My first encounter with a manta ray was while reading “The Girl of the Sea of Cortez” as a teenager. This novel by Peter Benchley is about a young woman that befriends a manta ray on a sea mount located off the coast of the Baja peninsula.
In an uncharacteristic Benchley style, there are no sea monsters or predator sharks in this tale. It is instead the story of young Paloma's struggle to protect the sea life that makes the mount its home. Fishermen, including Paloma’s brother, are eager to exploit the richness of the sea mount and her only help in foiling their attempts is her friend, the manta ray. Benchley's vivid descriptions of the underwater world make this book come to life. It is good stuff, especially for impressionable young women that love the sea.
Thus began my own quest to meet the larger, less threatening cousin of the common sting ray, the Manta birostris. However, it wasn’t until I was almost 30 that I had happened to chance upon a manta ray in the wilds of the Gulf of Mexico.
My father and I were out fishing in the relatively deep water at Coast Guard Marker 18 on the gulf coast of North Florida. It was a hot, lazy, beautiful day. We both had lines in the water, but we were more focused on conversation and philosophy than fishing. I was perched on top of the motor box looking south and he was lounging in a chair on the deck in the bow facing me.
The conversation had just turned towards the difficult choice between jalapeno or smoked sardines, when all of a sudden - with no warning - something huge leaped out of the water just south of the boat about twenty feet behind where my father sat.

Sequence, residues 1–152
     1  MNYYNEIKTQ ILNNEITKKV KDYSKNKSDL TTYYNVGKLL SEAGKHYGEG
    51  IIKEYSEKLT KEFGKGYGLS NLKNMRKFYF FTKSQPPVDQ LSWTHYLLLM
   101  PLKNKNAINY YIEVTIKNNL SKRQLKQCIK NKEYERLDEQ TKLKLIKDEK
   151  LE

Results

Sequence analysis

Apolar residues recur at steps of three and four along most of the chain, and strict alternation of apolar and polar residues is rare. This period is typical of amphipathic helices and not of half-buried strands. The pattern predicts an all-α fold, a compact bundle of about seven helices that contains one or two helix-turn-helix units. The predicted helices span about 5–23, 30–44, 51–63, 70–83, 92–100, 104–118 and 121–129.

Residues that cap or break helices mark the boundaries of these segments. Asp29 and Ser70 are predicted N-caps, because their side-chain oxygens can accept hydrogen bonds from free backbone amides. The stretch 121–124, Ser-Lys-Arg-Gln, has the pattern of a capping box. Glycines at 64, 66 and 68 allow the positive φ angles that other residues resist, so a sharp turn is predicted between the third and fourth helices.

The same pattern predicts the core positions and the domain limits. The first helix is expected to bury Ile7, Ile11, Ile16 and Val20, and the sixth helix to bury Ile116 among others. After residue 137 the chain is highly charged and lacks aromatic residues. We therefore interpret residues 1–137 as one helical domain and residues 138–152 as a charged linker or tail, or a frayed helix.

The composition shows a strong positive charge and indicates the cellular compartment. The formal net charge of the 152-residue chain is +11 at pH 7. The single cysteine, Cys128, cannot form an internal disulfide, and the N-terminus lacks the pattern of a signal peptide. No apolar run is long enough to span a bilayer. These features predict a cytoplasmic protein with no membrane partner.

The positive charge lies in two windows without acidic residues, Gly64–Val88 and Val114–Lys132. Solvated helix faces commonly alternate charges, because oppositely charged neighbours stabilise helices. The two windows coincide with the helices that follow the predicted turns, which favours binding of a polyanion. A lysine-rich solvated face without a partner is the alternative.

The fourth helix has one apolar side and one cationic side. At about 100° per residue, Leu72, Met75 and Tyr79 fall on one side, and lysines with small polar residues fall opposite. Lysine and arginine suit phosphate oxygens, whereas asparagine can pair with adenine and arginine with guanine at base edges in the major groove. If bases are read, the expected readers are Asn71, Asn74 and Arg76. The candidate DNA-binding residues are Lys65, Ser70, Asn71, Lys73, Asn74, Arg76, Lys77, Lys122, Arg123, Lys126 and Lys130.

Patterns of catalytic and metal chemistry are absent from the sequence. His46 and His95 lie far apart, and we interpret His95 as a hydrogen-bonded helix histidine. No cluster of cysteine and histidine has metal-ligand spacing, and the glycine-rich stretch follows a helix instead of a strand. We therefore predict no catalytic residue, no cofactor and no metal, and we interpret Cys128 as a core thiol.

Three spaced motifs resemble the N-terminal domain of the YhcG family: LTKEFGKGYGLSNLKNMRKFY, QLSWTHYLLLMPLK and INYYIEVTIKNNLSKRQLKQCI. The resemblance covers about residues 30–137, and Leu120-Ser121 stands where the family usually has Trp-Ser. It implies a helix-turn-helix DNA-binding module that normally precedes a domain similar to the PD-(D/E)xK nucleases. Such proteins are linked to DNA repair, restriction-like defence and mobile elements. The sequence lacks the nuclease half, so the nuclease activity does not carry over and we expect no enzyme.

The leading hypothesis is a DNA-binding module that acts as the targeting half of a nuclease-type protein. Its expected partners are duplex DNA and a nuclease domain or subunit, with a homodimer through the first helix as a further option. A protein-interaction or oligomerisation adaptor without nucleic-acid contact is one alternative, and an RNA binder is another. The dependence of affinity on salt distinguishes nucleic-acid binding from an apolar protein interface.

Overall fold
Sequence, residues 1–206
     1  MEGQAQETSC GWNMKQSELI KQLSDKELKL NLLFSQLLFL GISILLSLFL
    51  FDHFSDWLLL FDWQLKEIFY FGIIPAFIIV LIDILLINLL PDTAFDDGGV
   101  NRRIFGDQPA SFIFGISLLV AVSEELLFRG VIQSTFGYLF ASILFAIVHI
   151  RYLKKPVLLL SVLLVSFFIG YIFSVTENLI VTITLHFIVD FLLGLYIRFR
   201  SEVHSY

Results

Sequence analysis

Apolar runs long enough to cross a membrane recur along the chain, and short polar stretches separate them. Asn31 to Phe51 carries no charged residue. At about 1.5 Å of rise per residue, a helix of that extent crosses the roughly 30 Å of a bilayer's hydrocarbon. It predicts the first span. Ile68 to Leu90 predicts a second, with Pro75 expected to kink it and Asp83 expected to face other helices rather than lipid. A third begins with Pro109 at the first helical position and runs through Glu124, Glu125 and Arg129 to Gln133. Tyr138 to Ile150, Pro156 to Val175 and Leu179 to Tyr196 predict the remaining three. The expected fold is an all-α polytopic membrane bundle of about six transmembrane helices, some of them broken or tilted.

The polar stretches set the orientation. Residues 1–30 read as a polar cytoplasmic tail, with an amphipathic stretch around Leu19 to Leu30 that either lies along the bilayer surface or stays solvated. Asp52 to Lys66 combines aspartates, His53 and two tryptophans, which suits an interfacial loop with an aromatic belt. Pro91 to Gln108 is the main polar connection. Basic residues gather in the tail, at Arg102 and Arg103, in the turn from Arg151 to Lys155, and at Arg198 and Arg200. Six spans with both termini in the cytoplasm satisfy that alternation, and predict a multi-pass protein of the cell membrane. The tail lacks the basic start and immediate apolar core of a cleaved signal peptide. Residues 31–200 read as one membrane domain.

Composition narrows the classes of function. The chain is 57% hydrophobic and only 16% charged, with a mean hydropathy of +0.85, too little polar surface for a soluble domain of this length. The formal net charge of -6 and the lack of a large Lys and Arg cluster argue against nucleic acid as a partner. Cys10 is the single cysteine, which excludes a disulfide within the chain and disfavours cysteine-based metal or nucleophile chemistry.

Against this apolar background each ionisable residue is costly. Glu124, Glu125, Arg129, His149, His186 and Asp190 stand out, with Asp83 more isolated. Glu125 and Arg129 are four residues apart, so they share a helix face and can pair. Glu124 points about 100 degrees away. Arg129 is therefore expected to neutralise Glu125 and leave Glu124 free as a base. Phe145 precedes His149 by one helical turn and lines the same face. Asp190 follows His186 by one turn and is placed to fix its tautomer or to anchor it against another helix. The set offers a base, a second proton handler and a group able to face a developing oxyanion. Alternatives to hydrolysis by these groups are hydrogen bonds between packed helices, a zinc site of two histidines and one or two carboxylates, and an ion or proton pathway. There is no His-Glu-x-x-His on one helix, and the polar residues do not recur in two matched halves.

My mouth opened in a big O of wonder as the big black manta ray came completely out of the water, high enough for me to see the bright white of his belly. He hung high in the air for just an instant, then crashed back on the surface, splashing my father with enough water to make him yelp in surprise.
Papa did not get to see the ray in the air, but he quickly turned around and we both saw it sport on top of the water for a few moments before diving back down into the depths, leaving only swirling water behind. It left us speechless and we did nothing for a while but smile at one another, delighting in our shared experience.
My next close encounter with a manta ray was alone. It was just after sunrise on a calm, early May morning in the year 2000. My husband and I were staying at our place at Keaton Beach and I decided, since it was such a beautiful morning, to take off by myself for a quick trip on the wave runner. My destination was a small, marshy, barrier island a few miles down the coast.
When I left the Keaton Beach channel, the gulf had not yet woken up for the day. The air was crisp and still, the water slick as glass and there was not a boat on the horizon. Fish breaking the surface could been seen for a half of a mile.
After a few detours to check out the swirls, Grass Island soon came into my view. Sometimes called just Grassy, it is uninhabited island, less than a mile off the coast and consisting mostly of marsh grass meandered with creeks, with a small shifting beach and adjoining sandbar. Although the island is surrounded by shallow water and home to mostly crustaceans and small fish, there is a deep tide-fed channel running along its southeastern end attracting larger marine species.
It was high tide and I could have cut across the sandbar on the back side to approach, but I chose to come around the front side of the island. When I neared the channel coming around the end, I cut the motor and drifted over the deep water, looking down hoping to spot a school of mullet.
All I could see below me was black in all directions and at first I was puzzled because the water was clear. Then, I realized what it was and from right under me came the humongous manta ray. He surfaced just in front of me, dwarfing and rocking my vessel. Then he looked me right in the eyes and roiled the water foamy before he banked gracefully to the right, and lazily cruised off towards the south. I could see the big upside down W trailing him in the water as he headed to Steinhatchee.
When my heart slowed, I drifted for a while and flirted with the idea of following. But then I reconsidered. Paloma was a lot braver than me. If I was going to befriend a manta ray, I was going to need a bigger boat.